Board games. I luvs t3h board games. I'm not a proper board game geek, mind you, that is, I'm not one of those connoiseurs who have sampled all the standard Eurogames named after some city or other (e.g. Panama, Peurto Rico, Carcassonne) and frankly, I'm not interested. I'm a total sucker for a boardgame with bling. As such, Doom (the boardgame) easily ranks among my favourites, largely because playing the Bad Guy appeals to my inner homicidal maniac.
Here's a short review of Doom:
- It's based on Doom 3. For the uncultured philistines out there who know nothing of the Doom series, Doom 1 and 2 were the games that pretty much defined FPS as a genre. Doom 3 was one of the most awaited sequels of all time, placing you in the role of a ruff and ready marine on a research station on Mars fighting hordes of bloodthirsty demons. Computer graphics had advanced a hell of a lot in the 10 years between Doom 2 and 3, so Doom 3's violence was very, very graphic indeed. Strongly recommend trying Doom 3 withs lights off and volume up. And a friend nearby who knows CPR.
- Quality of the pieces is top notch. LOTS of plastic figures, excellent moulding, very receptive to a little love with paint. If you've ever done a little table top wargaming, the kind of techniques used by Games Workshop will do very nicely indeed. Because everybody knows nicely painted minis equate to better luck on the dice, 'onest, guv.
- LOTS of little counters and bits. I bunged 'em all in a cheap plastic desk caddy with lotsa wee compartments. Saves hell of a lot of time sorting a health counter from an armour token from an ammo token from a weapon token from the keys...
- Average-ish complexity. It takes about half an hour for someone with reasonable math skills to get familiar with the rules. I mean REAL maths skills, not accounting. I played this with a bunch of accountants once and to be honest, all that bean counting seemed to have crippled their cognitive abilities.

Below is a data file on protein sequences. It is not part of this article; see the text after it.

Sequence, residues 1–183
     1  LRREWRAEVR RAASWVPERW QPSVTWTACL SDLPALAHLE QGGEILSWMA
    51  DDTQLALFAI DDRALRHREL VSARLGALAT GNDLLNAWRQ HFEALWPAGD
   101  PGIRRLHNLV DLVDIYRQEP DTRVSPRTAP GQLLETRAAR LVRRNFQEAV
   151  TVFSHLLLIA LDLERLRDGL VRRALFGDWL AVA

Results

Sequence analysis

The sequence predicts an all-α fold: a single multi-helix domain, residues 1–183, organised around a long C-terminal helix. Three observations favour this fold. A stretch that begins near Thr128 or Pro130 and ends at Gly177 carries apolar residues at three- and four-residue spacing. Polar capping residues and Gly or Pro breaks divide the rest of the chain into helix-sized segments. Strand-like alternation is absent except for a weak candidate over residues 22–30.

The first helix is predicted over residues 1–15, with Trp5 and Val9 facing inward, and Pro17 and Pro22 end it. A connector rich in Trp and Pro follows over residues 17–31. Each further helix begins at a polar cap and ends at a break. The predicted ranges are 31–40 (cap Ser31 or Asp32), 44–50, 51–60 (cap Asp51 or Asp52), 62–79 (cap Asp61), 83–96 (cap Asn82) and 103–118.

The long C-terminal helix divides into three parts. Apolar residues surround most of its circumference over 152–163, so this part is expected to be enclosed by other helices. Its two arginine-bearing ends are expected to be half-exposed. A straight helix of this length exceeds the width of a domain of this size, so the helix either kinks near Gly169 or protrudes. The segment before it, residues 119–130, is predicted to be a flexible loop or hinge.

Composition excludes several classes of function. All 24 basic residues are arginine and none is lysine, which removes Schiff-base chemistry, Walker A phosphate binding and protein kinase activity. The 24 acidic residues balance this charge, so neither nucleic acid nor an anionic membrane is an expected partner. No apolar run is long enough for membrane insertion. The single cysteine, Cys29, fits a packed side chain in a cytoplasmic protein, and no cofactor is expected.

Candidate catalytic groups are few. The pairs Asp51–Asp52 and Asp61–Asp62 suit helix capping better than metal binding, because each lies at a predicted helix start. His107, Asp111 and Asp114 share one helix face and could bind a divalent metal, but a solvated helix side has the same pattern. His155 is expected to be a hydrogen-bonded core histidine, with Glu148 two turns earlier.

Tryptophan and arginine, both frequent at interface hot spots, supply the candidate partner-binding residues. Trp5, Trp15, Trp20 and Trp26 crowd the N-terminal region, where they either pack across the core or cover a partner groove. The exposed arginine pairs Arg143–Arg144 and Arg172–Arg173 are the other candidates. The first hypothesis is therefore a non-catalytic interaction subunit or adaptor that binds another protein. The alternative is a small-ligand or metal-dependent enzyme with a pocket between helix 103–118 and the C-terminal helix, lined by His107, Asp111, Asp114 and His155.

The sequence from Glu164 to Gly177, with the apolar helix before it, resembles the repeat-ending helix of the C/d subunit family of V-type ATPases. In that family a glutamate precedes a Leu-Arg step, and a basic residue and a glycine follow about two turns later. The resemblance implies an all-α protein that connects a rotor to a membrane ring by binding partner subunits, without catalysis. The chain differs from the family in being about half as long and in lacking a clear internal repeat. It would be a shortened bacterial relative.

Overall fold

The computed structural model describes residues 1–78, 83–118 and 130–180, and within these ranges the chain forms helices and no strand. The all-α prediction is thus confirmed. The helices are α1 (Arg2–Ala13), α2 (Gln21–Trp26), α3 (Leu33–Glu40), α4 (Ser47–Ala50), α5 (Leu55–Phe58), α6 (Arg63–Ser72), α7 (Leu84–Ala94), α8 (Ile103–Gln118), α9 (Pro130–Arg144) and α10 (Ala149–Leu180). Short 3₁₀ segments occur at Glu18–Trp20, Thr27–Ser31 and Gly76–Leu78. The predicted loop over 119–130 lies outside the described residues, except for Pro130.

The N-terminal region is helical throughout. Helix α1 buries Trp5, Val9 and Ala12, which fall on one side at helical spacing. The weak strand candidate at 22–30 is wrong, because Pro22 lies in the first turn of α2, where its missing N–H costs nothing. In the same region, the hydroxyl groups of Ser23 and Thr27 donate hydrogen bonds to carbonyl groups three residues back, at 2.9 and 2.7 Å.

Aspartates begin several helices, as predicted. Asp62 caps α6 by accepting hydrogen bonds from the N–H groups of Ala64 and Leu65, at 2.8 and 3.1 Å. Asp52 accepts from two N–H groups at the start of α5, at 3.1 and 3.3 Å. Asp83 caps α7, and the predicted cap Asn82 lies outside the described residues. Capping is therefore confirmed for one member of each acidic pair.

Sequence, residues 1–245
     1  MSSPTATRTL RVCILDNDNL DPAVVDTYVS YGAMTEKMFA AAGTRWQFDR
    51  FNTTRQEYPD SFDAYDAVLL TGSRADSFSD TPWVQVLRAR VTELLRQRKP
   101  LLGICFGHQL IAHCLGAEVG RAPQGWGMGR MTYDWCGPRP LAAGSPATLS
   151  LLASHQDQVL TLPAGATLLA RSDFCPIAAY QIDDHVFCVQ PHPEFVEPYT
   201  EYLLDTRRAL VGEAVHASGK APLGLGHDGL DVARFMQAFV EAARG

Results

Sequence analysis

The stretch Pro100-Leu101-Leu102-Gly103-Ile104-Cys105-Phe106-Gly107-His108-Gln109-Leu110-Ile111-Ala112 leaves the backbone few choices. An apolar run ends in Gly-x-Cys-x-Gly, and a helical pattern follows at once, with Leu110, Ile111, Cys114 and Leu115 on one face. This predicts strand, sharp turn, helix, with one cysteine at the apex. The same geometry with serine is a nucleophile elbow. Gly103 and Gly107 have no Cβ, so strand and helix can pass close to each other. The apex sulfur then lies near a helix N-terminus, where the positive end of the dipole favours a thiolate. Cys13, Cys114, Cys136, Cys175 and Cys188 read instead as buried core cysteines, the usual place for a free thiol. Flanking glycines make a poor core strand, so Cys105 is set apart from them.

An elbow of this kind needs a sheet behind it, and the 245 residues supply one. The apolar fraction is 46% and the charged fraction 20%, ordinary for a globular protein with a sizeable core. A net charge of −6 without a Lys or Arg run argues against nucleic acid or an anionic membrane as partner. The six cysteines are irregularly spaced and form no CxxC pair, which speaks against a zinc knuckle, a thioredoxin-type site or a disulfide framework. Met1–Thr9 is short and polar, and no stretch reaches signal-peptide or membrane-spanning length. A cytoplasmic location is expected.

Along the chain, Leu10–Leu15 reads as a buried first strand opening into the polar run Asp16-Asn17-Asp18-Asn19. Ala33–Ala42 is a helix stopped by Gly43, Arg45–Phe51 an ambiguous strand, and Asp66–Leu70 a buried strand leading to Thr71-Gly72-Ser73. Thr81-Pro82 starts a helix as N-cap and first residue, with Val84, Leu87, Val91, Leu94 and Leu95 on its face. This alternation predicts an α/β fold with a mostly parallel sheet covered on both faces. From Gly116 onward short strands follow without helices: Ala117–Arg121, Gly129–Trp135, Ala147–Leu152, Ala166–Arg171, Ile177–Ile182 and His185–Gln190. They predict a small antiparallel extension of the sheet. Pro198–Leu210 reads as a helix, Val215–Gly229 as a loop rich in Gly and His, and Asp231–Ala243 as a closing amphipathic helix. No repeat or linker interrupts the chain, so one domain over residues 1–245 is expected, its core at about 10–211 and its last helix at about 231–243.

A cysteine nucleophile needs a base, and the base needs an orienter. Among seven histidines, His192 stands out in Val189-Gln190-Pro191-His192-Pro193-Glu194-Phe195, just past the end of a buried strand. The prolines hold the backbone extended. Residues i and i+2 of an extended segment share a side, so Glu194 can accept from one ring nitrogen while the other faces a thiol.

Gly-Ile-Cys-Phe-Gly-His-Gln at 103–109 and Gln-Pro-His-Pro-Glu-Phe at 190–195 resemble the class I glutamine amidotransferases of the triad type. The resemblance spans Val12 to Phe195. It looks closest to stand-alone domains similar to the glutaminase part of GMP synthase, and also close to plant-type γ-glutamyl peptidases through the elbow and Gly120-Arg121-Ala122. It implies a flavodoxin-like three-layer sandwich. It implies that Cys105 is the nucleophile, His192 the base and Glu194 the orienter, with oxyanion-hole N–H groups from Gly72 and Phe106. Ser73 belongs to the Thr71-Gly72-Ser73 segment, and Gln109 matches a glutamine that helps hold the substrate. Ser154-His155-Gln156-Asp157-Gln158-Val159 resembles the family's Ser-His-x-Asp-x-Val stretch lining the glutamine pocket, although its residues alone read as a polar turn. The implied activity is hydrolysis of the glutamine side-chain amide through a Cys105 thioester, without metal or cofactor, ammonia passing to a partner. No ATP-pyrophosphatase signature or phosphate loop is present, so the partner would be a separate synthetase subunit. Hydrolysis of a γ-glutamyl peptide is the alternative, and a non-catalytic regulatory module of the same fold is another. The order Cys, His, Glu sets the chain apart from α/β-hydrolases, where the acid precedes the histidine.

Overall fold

- Each player takes it in turns to make their moves, with up to three marines against the Bad Guy. Each marine player controls one marine, together with his ludicrous arsenal of weapons and some randomly drawn skills and abilities. The Bad Guy controls teeming hordes of demons, has a handful of cards allowing him to play dirty tricks, spawn more demons and sometimes manipulate the board itself. Combat is resolved by rolling an assortment of prettily coloured dice. Yes, there's a BFG. Yes, the Cyberdemon is there, too.
- The cheat sheet summarising the creature and weapons stats is a completely bloody useless mess of meaningless glyphs. Understandable, I suppose, since it lets the game be printed in multiple languages, with only the rule book and scenario book needing changing. Doesn't change the fact that the cheat sheet is crap. So I made my own. Bug me if you want one. It's colourful.
- The game plays best with:
1) An appropriate soundtrack. Something techno-industrial-ish should do fine.
2) A very experienced player as the Bad Guy who remembers that the object is NOT to win, but to have fun.
3) Teamwork and fast thinking on the part of the marines. Mostly coz the lack of it makes for a very, very short game.
4) Painted minis! Coz they're just awesome!
- Long story short, this game's a damn good way to spend 2-3 hours with a friend or two or three. Fans of the computer game should be warned that it's a very, very different experience indeed. Mindless violence will not bring victory to the marine. And as a friend commented, it's got a really low refresh rate.
Of course, just one board game is far from enough to feed the diabolical urges of my inner nutter, so at some point I do hope to expand my collection, starting with Mwahahaha! No, really, I'm serious. The game's called Mwahahaha! and you play a mad scientist bent on world domination. Check it out.